01/12/2022 Jeni Kramer

The space race is a marathon, not a sprint

From Jeff Bezos’s unfortunately shaped spacecraft to Richard Branson’s launch over New Mexico, the ongoing battle to stake a claim beyond earth’s atmosphere grabbed headlines throughout 2021. In fact, more rockets made orbital launch attempts in 2021 than in any other year in history, breaking a record dating back to the space race of the mid 20th century. Of the 144 attempted, 133 launches were successful, marking a doubling of global launch attempts during the last decade. From 2000 to 2010, government and commercial operators combined launched less than 70 orbital rockets per year.

Low orbit becomes increasingly crowded as these power-players continue to vie for superiority in the ongoing rocket fracas. The era of space tourism is officially underway, though for the time being available only to celebrity or super wealthy clients, many of whom secured waiting list spots years in advance. Still, despite the current level of exclusivity, private citizens launching into the stratosphere is an undeniable step toward greater access to space for all.

So what’s the next territory to conquer in this galactic game of Risk? The big commercial space exploration companies are partnering with NASA and setting their sights on Mars. On December 2nd, NASA announced three contracts with private companies worth $415.6 million to develop privately built and operated space stations. Contracts include the “Orbital Reef” concept, defined as a “mixed-use space business park” created by Jeff Bezos’s Blue Origin; a four-astronaut capacity proposal by Nanorack; and Northrop Grumman’s idea for a “modular destination” in low Earth orbit. Long term, these private partnerships will give NASA options as they look at end-of-life and replacement for the International Space Station and what the next phase will be.

With no shortage of developments underway, the market will only continue to get more crowded for the top dogs in the space (pun ever so slightly intended). So we decided to take a look at the key players’ job listings to see what the data has to say.

Space Exploration Technologies (SpaceX): For many, when thinking of private space exploration companies, Tesla CEO Elon Musk’s SpaceX is first to mind. Perhaps this is due at least in part to the flurry of PR he received in 2021: being named Time Magazine’s Person of the Year, nabbing a hosting spot on SNL, and posting often controversial musings on Twitter daily. Despite these headline grabbing extra-curriculars, Musk and SpaceX managed a momentous year with a record 31 launches by the end of 2021. And they closed out the year strong with New Year’s Eve SEC filings showing the company had secured another $337 million in funding, bringing their 2021 total to approximately $1.85 billion.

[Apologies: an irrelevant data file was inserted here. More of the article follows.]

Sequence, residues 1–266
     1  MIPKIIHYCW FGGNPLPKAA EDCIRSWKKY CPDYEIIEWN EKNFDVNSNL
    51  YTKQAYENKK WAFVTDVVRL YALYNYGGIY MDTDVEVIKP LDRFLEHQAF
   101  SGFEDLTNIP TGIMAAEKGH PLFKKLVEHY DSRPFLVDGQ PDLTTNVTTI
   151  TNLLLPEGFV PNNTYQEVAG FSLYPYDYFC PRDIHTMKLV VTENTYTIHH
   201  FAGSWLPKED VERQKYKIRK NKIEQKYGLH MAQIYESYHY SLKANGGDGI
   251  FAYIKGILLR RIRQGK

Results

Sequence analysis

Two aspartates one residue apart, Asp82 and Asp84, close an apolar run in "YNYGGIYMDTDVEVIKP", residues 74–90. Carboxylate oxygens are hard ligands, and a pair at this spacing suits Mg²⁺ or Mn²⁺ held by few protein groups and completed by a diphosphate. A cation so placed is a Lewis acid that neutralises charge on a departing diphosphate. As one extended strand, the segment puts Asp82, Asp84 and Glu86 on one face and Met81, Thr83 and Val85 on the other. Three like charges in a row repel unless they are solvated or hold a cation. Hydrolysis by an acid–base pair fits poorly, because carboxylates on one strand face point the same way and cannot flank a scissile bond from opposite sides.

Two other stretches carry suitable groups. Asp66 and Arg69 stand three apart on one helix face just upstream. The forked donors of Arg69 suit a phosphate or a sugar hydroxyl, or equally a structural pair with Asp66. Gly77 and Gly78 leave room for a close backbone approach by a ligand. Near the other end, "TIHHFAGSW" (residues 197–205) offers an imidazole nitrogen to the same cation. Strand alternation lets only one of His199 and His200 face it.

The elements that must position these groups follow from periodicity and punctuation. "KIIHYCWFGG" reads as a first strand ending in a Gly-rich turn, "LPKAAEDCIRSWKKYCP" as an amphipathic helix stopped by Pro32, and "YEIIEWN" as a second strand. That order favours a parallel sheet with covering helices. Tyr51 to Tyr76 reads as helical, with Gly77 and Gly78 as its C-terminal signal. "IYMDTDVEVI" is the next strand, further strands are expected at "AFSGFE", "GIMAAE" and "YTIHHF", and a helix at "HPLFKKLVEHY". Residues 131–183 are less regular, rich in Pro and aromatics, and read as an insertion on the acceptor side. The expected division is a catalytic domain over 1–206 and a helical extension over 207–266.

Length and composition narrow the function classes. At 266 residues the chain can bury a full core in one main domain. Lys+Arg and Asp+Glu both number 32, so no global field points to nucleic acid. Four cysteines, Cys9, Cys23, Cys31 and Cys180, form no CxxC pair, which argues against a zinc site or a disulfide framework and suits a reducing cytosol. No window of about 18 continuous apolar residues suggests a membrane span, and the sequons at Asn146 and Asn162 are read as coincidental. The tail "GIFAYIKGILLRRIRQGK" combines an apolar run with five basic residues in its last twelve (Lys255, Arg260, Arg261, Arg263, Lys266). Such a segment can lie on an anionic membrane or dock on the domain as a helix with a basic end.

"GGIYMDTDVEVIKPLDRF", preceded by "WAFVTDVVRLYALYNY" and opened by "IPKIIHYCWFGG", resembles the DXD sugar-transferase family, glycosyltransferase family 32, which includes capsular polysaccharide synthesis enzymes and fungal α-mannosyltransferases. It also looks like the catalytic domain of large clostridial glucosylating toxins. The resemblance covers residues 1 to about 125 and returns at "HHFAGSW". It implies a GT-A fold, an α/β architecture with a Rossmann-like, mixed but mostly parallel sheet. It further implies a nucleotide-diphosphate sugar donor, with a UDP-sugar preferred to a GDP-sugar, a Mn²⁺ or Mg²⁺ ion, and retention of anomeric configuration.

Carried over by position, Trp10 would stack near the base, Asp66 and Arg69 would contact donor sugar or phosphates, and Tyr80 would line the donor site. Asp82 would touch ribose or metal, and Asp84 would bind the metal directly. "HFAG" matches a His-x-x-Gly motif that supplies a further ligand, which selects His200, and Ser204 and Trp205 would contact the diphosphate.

SpaceX wasted no time in 2022 either, kicking it off with the January 6th launch of Falcon 9 and its payload of 49 Starlink satellites—a strong signal we’re in for another year full of fast-paced innovation. In terms of personnel though, we’re not observing SpaceX currently in a growth phase. Their hiring had been on a relatively steady upward trajectory throughout most of 2020 and 2021, but dropped precipitously beginning in September of last year. So far active job listings are down -25% this year.

Blue Origin: The commercial space exploration technology company founded by Jeff Bezos had a momentous 2021 as well. They made news for their high profile passengers, including Star Trek alum Wiiliam Shatner and former NY Giants defensive end, Michael Strahan. In December Blue Origin launched its New Shepard rocket for the sixth time in a year.

Blue Origin has signed a cooperative agreement with the U.S. military to explore the potential of  its rockets for transporting cargo and people around the world. Along with SpaceX and Exploration Architecture Corp, modeling and simulations to analyze the program on factors like  military utility, performance and cost of transporting loads on commercial rockets and air dropping cargo payloads. Success of the project will rely on completion of Blue Origin’s heavy-lift orbital launch vehicle, New Glenn, currently expected to debut in late 2022.

Blue Origin’s jobs signal some exciting initiatives may be in the works, with active job listings up 428% this year. Job listings at Blue Origin shot up at the end of July, and they’ve added over 1,200 jobs since. 

Virgin Galactic Holdings, Inc.: Originally forged through a special purpose acquisition company (SPAC), the once-hyped venture of Sir Richard Branson saw little traction last year compared to its competitors. Though the Federal Aviation Administration gave Virgin Galactic clearance in September, the last six months saw the company’s value fall by nearly 75%.  

Job growth at Virgin Galactic has been all but non-existent over recent years, with active listings hovering at a low albeit relatively steady number. There does appear to be some momentum as of late, with active job listings up 152% this year.

The ongoing contest to be the top name among private space exploration companies will be a fascinating one to watch in 2022 and beyond. It’s hard to fathom that the breakneck pace of innovation established in 2021 could continue, but front runners in the space race will have to keep it up for the long haul.

Interested in the data behind this post? Contact us if you’d like to learn more.